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21 May 2015 0 Comments Posted in Employment, Opinion

“Establishment” is the entity to which a worker is assigned

Posted by , Partner

In January the Update reported on the Advocate General’s opinion on the referral to the European Court of Justice of the case colloquially known as the Woolworths case, USDAW and another v VW Realisation 1 Limited and others, concerning the dismissal, by Woolworths and Ethel Austin stores in the UK, for redundancy of thousands of employees after the companies went into administration. The Court of Justice of the European Union has now given its decision, which is to follow the A-Gs opinion.

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20 May 2015 0 Comments Posted in Employment, Opinion

Restricted Reporting Order guidance on granting

Posted by , Partner

The EAT decision in EF and another v AB (Debarred) and others is interesting for its comments on circumstances in which a permanent Restricted Reporting Order will be granted. It illustrates the considerations taken into account in deciding whether this will be granted and how the competing interests of individuals relate to one another.

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Contract can still exist even absent remuneration

Posted by , Partner

In Stack v Ajar-Tec Limited the Court of Appeal has restored an Employment Tribunal decision that a company director and shareholder who had worked for a company for at least 3 years without being paid, or expecting to be paid, was an employee and a worker and was therefore entitled to bring claims of unfair dismissal, failure to pay holiday pay, and unlawful deduction from wages.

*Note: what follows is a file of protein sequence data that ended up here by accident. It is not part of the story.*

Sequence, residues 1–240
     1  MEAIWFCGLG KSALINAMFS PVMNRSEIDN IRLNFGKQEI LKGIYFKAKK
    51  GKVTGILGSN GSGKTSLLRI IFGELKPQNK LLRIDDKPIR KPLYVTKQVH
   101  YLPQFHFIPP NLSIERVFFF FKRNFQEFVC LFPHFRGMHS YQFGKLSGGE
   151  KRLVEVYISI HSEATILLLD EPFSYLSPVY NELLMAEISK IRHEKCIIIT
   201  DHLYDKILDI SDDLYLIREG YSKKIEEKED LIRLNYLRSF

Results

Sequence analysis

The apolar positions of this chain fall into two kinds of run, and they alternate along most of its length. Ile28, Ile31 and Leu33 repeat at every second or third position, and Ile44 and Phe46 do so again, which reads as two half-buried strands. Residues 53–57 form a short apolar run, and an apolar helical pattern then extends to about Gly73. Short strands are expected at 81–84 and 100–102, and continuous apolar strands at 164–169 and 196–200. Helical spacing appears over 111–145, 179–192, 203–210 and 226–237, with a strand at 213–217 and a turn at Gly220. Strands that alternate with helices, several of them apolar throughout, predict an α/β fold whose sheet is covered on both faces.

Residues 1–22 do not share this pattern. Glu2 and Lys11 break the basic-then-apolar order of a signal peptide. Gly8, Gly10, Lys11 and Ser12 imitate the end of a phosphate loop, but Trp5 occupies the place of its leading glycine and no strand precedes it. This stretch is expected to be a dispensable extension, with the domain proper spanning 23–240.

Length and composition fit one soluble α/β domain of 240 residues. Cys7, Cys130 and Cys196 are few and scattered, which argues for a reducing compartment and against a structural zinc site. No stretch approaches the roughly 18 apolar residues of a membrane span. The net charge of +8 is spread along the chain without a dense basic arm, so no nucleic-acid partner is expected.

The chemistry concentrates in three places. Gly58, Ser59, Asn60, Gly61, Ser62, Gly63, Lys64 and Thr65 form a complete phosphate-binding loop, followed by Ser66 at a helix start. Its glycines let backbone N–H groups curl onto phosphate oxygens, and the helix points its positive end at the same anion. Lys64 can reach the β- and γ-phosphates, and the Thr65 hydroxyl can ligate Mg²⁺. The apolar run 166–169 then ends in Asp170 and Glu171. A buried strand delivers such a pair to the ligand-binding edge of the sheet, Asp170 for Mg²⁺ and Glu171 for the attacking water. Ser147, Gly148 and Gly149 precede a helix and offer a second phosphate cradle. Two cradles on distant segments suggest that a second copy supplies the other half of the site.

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Diplomatic immunity prevents claims being brought

Posted by , Partner

In Reyes and another v Al-Malki and another (Secretary of State for Foreign and Commonwealth Affairs and others intervening) the Court of Appeal has held that the principle of diplomatic immunity takes precedence over the international prohibition on trafficking of people.

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Damages for psychiatric injury caused by drug use non-recoverable

Posted by , Partner

In AB v Chief Constable of X Constabulary the High Court has held that psychiatric injury suffered by an undercover police officer was not caused by the employer’s breach of its duty of care but instead as a result of his misuse of cocaine.

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7 May 2015 0 Comments Posted in Employment, Opinion